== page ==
Any discussion of Olympic sporting facilities in hockey-mad Canada begins with the Montreal Forum, which is considered the most storied building in hockey history. Home to the Montreal Canadiens — professional hockey’s winningest team — for 72 years, the Forum was ultimately abandoned in 1996 for a larger and more lucrative stadium several blocks away, and later converted into a theatre complex.

The Forum was a legendary Olympic venue. It was there, during the 1976 Montreal Games, that Nadia Comneci scored a perfect 10 on the uneven bars — an Olympic gymnastics first. The 14-year-old Romanian’s cumulative score couldn’t be displayed on the three-digit electronic scoreboard, so it appeared as “1.00? instead. She would go on to repeat the feat six more times and win three gold medals. The Forum was also the site of the Olympic handball, basketball, volleyball and boxing events in 1976. Although it’s architecturally unremarkable, the Forum is unparalleled as an historic site in Canadian sports.

The Montreal Olympic Stadium, on the other hand, is remarkable architecture. Infamous for its cost overruns, “The Big O” (or, less generously, “The Big Owe”) is also a striking landmark, holding its own against such noteworthy company as Frei Otto’s 1972 Munich Olympic Stadium and Herzog & de Meuron’s 2008 Beijing National Stadium (the “Bird’s Nest”). French architect Roger Taillibert designed the stadium at the behest of Montreal mayor Jean Drapeau, who refused to permit any cost-saving measures to restrict his artist’s concept. The stadium cost $700 million (Canadian) to construct, more than 10 times Taillibert’s original estimate. The tower and the retractable roof it supports were not completed until 1987, and in the end, the roof never operated as intended. Still, the building’s sweeping skeletal forms and the dramatic cantilever of the 170-meter (560-foot) tower create a stadium experience unlike any other. The venue was host to a variety of events at the 1976 Games, including the opening and closing ceremonies, track and field, and soccer. Given the spate of stadium demolitions across North America, perhaps Taillibert’s grandiose gesture is proving to have lasting value. In 1976, critics noted that Seattle’s Kingdome, which had a similar capacity and also opened that year, only cost $60 million (Canadian) to construct; the Kingdome, of course, was torn down in 2000. As Taillibert immodestly put it back then: “When you look at the Eiffel Tower, what remains to think about? The honorarium Eiffel received, or the structure he created?”

The Olympic Saddledome in Calgary, designed by the local firm Graham McCourt Architects with the engineering assistance of Jan Bobrowski & Associates, is an exercise in structural rationality. Its iconic hyperboloid roof, formed of concrete panels hung from a net of steel cables, was never intended to mimic a saddle. But in a contest held to name the building, more than half the entries incorporated the word “saddle,” and the name stuck. Another unintended benefit of the building’s shape is volumetric efficiency: Compared to other stadiums of equal capacity, the Saddledome has less interior space to illuminate and heat. Now known as the Pengrowth Saddledome, Calgary’s stadium was an essential ingredient in Calgary’s winning Olympic bid, and was host to figure skating and ice hockey during the 1988 Winter Games. It also helped the city secure its NHL franchise, the Flames.Though not as architecturally dramatic as its Montreal counterpart, the Saddledome has become an integral part of Calgary’s civic identity.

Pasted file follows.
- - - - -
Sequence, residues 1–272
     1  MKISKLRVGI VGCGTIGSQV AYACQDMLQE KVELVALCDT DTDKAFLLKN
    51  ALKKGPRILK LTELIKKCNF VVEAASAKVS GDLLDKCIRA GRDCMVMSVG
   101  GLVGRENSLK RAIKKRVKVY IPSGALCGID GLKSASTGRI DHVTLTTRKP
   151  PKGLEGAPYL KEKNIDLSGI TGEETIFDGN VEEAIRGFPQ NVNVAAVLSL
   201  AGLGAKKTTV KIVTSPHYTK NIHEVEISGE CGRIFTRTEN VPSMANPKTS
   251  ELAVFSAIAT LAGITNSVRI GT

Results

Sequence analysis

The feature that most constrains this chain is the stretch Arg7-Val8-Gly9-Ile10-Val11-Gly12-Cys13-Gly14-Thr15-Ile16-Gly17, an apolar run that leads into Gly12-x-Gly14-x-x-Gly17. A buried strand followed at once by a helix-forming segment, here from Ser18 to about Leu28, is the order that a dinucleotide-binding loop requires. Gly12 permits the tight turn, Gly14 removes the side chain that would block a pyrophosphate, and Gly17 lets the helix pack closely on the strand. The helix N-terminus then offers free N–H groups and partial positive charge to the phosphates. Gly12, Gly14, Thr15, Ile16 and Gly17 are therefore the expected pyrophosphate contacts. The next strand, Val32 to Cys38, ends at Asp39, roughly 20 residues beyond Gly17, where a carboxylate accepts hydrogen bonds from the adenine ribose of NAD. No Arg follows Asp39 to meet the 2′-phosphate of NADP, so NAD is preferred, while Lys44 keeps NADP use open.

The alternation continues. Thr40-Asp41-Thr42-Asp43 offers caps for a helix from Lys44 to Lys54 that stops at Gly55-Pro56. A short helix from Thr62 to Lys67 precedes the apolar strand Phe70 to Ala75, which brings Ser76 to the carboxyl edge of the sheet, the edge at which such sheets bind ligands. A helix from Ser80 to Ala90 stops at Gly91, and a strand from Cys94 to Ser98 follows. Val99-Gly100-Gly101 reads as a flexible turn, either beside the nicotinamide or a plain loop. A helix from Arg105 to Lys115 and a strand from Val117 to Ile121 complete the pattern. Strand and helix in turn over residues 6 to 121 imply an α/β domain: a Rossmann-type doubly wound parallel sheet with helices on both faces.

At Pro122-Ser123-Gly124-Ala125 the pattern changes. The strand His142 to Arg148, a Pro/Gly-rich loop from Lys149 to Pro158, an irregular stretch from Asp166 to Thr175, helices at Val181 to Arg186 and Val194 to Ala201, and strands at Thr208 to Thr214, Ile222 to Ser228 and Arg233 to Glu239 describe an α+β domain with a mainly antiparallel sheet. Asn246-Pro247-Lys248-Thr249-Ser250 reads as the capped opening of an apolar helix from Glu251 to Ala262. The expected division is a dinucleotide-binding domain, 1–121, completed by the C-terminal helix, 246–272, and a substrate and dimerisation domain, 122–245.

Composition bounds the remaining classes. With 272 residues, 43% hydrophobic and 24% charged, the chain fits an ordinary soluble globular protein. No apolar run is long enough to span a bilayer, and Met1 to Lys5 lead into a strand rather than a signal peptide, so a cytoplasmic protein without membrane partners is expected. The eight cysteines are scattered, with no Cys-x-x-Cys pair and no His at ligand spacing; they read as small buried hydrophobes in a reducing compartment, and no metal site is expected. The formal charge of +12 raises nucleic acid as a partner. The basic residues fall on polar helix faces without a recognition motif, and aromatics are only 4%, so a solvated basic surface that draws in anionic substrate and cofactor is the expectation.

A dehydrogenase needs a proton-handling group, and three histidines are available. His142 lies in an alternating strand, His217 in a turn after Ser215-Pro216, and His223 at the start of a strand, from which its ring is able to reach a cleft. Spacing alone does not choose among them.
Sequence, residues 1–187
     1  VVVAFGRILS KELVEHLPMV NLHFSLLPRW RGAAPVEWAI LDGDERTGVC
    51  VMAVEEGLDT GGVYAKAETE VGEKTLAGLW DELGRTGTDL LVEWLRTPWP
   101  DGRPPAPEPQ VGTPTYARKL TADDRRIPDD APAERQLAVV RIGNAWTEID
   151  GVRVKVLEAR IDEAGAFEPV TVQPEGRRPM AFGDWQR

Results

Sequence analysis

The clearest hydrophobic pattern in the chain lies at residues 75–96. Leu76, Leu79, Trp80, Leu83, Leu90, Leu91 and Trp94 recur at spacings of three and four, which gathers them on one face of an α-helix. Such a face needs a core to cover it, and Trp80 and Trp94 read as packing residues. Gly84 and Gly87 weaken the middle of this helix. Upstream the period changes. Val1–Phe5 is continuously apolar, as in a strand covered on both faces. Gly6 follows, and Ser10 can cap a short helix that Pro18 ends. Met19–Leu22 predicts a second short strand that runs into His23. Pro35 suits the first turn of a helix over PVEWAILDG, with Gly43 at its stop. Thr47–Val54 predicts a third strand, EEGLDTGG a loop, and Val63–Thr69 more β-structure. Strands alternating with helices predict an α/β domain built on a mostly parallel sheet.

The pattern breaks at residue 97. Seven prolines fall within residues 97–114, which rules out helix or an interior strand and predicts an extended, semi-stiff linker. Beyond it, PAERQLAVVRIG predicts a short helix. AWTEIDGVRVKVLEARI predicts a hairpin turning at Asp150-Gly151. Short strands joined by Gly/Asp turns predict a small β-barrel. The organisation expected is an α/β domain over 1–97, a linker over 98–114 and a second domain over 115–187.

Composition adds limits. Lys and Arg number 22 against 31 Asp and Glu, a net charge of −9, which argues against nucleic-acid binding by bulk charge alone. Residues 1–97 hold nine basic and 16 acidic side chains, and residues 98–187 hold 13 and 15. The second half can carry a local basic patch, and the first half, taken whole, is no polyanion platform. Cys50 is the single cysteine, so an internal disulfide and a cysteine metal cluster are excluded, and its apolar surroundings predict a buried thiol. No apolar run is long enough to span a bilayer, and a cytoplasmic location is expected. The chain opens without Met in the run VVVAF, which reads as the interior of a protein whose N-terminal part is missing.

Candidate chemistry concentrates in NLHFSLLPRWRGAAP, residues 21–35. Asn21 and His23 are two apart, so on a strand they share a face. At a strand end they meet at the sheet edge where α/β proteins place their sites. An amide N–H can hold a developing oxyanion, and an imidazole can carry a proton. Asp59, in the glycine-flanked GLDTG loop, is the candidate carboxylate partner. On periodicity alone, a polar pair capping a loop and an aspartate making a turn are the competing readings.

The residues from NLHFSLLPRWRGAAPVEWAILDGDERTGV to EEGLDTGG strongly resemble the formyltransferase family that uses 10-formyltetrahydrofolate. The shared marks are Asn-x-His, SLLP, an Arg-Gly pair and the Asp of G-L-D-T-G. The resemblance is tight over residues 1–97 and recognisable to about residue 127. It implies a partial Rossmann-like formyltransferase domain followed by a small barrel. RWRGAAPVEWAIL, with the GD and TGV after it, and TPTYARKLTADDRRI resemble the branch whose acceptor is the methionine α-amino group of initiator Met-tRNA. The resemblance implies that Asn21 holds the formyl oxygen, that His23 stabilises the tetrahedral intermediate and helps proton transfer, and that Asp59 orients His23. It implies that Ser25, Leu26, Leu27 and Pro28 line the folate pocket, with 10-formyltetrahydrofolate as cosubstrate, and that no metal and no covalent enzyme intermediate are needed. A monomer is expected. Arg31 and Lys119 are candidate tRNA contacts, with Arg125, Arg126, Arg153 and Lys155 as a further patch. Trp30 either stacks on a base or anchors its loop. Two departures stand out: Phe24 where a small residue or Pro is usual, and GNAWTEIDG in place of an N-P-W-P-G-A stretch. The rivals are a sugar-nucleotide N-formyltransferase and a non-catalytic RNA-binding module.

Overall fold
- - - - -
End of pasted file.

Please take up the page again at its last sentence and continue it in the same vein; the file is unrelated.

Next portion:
Vancouver’s BC Place Stadium, on the other hand, seems more anomalous than integral. Its positioning is awkward relative to surrounding Yaletown, Vancouver’s glittering collection of compact glass-clad apartment towers. It’s a cinder block resting uncomfortably in a gurgling brook (although in its defense, it did land first). Built in 1983 in advance of the 1986 World’s Fair (Expo ‘86) it hosted the opening ceremonies and will host the closing ceremonies at the 2010 Games. This is first time these events have been held indoors. When complete, Vancouver’s Yaletown development, seen to the left, will engulf BC Place in a shroud of glass towers. The Plaza of Nations complex, seen to the right, was also built for Expo ’86, and has since been demolished. (Thomas Quine, Originally designed by Studio Phillips Barrett, BC Place is scheduled to have its inflatable roof replaced with a rigid retractable structure after the Games. Perhaps this will attract the MLB team that the stadium was originally intended to lure — although Montreal’s loss of the Expos and Vancouver’s inability to retain its NBA franchise don’t bode well for that cause.

Jesse Colin Jackson is an architectural designer, instructor, and photographer based in Toronto.

Image courtesy of jofo2005

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